Olajuwon thinks the team's minutes limit on Stoudemire makes it difficult for him to get into a rhythm on the court.
"In five, ten minutes, it's tough," Olajuwon told ESPN New York by phone. "You're worried about making a mistake, trying to do too much."
As long as Stoudemire's knees are healthy, he should be playing more minutes than 10-15 per night, Olajuwon said.
"It has to be tough for him. If he's feeling good, why not let him play?" he said.
Stoudemire feels the same way.
Last week, he talked about how tough it was to succeed while playing 10-15 minutes per game.
"It's making me look like my game is gone or that I don't have game anymore because when you play five minutes, it's just tough to really get in a rhythm," said Stoudemire, who spent two weeks learning post moves from Olajuwon at his camp in Houston two summers ago.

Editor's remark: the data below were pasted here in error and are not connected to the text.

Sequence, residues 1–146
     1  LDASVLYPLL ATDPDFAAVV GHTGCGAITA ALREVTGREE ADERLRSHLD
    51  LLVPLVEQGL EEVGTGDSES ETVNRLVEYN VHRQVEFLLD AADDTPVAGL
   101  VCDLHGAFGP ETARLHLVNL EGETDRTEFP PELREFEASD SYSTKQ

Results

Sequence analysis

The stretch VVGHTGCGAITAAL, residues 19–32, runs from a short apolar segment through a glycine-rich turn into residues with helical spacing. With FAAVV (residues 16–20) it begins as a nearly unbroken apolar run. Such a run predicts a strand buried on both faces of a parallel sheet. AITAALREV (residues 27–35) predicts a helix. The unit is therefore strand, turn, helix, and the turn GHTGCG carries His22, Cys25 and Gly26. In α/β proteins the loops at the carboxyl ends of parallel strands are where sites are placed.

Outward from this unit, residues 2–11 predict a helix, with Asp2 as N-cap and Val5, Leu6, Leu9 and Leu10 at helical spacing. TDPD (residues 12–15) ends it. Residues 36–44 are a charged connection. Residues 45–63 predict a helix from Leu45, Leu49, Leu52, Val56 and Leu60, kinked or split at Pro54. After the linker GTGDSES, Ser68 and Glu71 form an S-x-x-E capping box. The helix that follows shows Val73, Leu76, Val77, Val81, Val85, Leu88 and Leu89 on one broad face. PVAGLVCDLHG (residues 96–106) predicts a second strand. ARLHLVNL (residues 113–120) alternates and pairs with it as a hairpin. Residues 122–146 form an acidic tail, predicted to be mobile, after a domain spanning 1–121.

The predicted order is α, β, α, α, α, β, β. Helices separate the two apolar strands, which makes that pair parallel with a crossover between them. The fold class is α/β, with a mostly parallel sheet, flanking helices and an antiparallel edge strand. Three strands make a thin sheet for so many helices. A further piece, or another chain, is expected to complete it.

Of course, the Knicks are trying to ensure that Stoudemire remains healthy. That's why they have him on a minutes limit. After all, the 31-year-old has had three knee procedures in a ten-month span.
But the minutes limit has taken a toll on Stoudemire.
He's shooting just 39 percent from the field and is scoring just 3.8 points per game in seven games.
And that leads us to our question: Should the Knicks listen to Hakeem and scrap Stoudemire's minutes limit?
Hakeem's Dream: Olajuwon is working with the NBA and Exxon Mobil initiative to contribute to Nigeria through sports. He says he's using basketball as a conduit to teach Nigerian children life and leadership skills.
"You can learn so much from the game," he said. "I just wanted to give back."
Lastly, we ask readers whether they would trade Shumpert or if they see him as a valuable piece for the Knicks.
What's next: The Knicks will practice on Friday to prepare for Saturday's road game against the Wizards.
Question: Should the Knicks listen to Hakeem and scrap Stoudemire's minutes limit?
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